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http://www.facebook.com/ScienceReason ... NASA Spitzer's IRrelevant Astronomy (Episode 3): Robot Astronomy Talk Show - Earth-threatening Asteroids. Will an asteroid strike the Earth and wipe out all life as we know it? IR-2 and his robotic crew make random phone calls to find out. IRrelevant Astronomy - It's infrared-relevant! --- Please SUBSCRIBE to Science & Reason: • http://www.youtube.com/Best0fScience • http://www.youtube.com/ScienceTV • http://www.youtube.com/FFreeThinker --- Asteroids, sometimes called minor planets or planetoids, are small Solar System bodies in orbit around the Sun, especially in the inner Solar System; they are smaller than planets but larger than meteoroids. The term "asteroid" has historically been applied primarily to minor planets of the inner Solar System, as the outer Solar System was poorly known when it came into common usage. The distinction between asteroids and comets is made on visual appearance: Comets show a perceptible coma while asteroids do not. • http://en.wikipedia.org/wiki/Asteroid --- IRrelevant Astronomy is a video podcast feed produced by NASA's Spitzer Space Telescope. Unlike many other podcasts, it is set up more like a television network, with multiple series and stand-alone videos released on this single "channel." To date, the content included on the feed has all incorporated animation in some manner, and generally tends to be comedic. The "IR" in the title stands for "infrared", meaning the title actually refers to "infrared-relevant astronomy." In October 2008, IRrelevant Astronomy was nominated for "Best Technology/Science Podcast" at the 2008 Podcast Awards. It was one of 10 finalists in this category following a nomination process that included 281,000 votes. In October 2009, the IRrelevant Astronomy episode "Psych Out" was an official selection at the 2nd annual Imagine Science Film Festival. • http://www.spitzer.caltech.edu/ .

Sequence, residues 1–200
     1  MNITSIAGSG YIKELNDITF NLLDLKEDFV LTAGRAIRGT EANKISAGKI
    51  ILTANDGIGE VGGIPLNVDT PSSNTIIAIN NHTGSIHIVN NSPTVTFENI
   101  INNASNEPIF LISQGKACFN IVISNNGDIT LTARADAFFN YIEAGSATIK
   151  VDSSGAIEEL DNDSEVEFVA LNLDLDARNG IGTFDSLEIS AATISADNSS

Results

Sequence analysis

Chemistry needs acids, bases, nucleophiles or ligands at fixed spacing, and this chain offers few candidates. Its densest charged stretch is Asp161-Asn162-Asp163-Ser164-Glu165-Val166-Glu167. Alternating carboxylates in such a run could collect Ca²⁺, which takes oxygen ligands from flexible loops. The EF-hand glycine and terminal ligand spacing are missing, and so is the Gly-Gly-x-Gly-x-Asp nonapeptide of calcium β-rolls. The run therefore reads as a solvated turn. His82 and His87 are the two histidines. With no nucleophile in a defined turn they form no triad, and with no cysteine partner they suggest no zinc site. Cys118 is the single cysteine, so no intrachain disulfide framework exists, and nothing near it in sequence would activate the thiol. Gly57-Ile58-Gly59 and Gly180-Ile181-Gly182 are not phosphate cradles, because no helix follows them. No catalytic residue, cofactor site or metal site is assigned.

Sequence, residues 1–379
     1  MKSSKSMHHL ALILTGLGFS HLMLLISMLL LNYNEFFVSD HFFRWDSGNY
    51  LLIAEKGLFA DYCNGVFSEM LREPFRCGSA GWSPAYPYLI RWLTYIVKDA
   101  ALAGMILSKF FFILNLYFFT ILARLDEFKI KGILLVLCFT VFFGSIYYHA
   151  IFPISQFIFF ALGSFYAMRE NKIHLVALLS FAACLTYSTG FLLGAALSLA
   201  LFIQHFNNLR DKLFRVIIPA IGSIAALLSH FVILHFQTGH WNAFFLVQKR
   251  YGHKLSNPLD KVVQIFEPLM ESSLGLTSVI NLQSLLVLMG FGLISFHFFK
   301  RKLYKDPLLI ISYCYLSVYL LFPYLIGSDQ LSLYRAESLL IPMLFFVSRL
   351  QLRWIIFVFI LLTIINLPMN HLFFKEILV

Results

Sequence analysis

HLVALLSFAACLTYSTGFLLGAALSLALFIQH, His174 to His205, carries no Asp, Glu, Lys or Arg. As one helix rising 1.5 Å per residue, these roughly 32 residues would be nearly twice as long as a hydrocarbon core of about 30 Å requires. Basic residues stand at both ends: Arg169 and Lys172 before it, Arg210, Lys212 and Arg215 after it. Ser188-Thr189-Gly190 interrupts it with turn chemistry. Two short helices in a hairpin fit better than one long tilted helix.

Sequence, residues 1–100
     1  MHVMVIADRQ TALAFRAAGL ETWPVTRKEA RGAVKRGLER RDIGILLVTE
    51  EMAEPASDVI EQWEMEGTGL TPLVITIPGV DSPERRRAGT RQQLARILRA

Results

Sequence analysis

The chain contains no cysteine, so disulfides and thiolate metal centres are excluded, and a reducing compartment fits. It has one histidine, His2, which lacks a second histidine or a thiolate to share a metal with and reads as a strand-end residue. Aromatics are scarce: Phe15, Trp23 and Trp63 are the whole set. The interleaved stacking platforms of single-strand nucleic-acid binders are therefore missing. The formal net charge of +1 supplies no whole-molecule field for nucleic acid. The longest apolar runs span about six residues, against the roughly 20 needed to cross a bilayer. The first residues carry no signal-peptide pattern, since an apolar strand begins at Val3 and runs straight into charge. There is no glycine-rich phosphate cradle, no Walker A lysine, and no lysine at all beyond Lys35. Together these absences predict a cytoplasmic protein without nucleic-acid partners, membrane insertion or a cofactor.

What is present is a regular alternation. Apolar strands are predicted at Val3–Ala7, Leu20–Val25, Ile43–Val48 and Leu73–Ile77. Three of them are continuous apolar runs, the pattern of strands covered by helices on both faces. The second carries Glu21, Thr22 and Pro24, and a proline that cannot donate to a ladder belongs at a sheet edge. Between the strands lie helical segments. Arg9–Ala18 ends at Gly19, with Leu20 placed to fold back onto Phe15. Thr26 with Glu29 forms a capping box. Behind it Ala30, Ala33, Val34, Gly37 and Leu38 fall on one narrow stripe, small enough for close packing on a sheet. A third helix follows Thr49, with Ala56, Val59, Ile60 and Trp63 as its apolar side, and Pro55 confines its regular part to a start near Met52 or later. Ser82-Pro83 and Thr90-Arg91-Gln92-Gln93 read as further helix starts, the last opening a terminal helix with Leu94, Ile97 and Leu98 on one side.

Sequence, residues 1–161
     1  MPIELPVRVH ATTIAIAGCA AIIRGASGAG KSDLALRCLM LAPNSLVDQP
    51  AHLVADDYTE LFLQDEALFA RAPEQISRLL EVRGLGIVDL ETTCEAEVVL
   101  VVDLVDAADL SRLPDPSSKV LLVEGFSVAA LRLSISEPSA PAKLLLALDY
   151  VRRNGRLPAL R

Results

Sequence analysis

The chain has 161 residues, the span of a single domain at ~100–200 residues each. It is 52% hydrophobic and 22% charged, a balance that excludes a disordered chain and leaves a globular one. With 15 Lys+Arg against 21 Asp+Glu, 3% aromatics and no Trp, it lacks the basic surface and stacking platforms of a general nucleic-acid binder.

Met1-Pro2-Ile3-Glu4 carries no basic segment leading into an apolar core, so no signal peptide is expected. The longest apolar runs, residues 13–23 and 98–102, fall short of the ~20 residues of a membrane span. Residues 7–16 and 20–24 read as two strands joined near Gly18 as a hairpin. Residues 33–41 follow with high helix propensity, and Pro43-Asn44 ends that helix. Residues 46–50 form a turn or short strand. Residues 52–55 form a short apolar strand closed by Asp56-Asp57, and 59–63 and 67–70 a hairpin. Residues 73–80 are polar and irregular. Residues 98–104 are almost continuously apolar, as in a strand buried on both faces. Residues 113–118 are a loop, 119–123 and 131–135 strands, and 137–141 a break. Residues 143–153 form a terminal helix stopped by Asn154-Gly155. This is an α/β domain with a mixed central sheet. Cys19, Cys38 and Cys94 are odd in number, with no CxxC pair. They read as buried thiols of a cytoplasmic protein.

Tracking Space Rocks Asteroid 1998 QE2 During early live coverage on NASA Television and nasa.gov of asteroid 1998 QE2's flyby of Earth, NASA's Jet Propulsion Laboratory (JPL) in Pasadena, Calif., showed live telescope images of the asteroid and hosted a discussion with NASA Administrator Charles Bolden and experts from JPL and the Goldstone Deep Space Communications Complex. Goldstone will be using radar to track and image the asteroid. At 4:59 p.m. EDT, Friday, May 31, the pass by Earth of 1998 QE2, at a safe distance of about 3.6 million miles -- is the asteroid's closest scheduled encounter with the planet for at least the next two centuries. The asteroid was discovered Aug. 19, 1998 by the Massachusetts Institute of Technology's Lincoln Near Earth Asteroid Research Program near Socorro, N.M. Release Date: 30 May 2013 Credit: NASA/ JPL Jet Propulsion Laboratory
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In this weeks Mindwarp Stan scoured the twittersphere for your tweets about: An Earth threatening asteroid, the small furry creature that we're all related to, how Satan can be taxing and how a theme park is always a good idea. Mindwarp: Using motion capture technology, our animated news reader, Stan Banterman, gives us his take on the weird, wonderful and downright silly opinions and trends from the Twittersphere. Follow Stan's banter on Twitter here #stanbanterman http://www.youtube.com/user/HeadsqueezeTV http://www.youtube.com/subscription_center?add_user=HeadsqueezeTV